William Morris (Life's summary)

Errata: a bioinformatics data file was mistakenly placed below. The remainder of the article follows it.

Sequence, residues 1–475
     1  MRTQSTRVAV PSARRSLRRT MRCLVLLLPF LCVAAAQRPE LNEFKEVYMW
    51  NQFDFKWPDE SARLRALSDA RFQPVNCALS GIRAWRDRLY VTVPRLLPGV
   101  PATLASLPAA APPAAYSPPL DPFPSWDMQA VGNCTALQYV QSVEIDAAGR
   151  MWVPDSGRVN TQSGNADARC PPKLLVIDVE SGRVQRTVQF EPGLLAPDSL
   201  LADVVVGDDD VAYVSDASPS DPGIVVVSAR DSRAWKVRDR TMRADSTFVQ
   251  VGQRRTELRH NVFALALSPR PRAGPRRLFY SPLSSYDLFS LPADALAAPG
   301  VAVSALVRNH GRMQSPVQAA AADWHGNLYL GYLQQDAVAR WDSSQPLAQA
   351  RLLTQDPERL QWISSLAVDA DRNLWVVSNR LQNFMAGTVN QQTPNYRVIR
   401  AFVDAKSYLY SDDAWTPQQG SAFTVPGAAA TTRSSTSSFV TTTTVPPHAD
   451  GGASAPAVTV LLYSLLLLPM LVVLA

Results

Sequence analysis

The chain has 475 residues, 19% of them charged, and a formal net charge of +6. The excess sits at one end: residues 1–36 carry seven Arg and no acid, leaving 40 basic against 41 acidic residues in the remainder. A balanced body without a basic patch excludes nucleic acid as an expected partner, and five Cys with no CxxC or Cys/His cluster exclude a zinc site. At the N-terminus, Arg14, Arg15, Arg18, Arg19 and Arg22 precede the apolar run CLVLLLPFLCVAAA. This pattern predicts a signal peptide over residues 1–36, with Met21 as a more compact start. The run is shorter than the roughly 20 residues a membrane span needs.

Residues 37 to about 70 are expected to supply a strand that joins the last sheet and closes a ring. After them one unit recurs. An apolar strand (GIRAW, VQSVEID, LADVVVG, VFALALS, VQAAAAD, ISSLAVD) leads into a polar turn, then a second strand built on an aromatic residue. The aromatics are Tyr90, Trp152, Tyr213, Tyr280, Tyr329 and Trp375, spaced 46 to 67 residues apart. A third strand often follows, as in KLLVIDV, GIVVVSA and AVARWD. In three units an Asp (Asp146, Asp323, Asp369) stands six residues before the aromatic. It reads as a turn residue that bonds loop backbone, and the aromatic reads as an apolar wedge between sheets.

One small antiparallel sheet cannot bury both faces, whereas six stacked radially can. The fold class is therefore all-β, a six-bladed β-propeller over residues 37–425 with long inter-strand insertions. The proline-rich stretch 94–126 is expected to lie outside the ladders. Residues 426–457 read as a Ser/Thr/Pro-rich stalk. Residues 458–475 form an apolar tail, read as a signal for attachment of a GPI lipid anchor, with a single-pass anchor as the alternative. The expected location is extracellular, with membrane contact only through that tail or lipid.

Morris was born in 1834 in Walthamstow, Essex, and received his education at Malborough School. In 1851 he went to Oxford University, where he was influenced by Ruskin's theories; there he met Dante Gabriel Rossetti. In 1859 he married Jane Burder, one of the most painted Pre-Raphaelite stunners; their home at Bexley was designed by Philip Webb, and became an important landmark in domestic architecture. The failure to find suitable furniture for it strenghtened Morris' growing hatred of industrial shoddy. He founded a firm, together with Rossetti, Burne-Jones, Webb, Brown and others, which produced furniture, printed textiles, tapestry, wallpapers and stained glass: it was a revolution in public taste. In the 1880s he turned towards political activity; in 1883 he joined the Social Democratic Federation, the doctrine of which, largely under his leadership, developed into socialism. On its disruption in 1884 he organized the Socialist League. Morris died in 1896.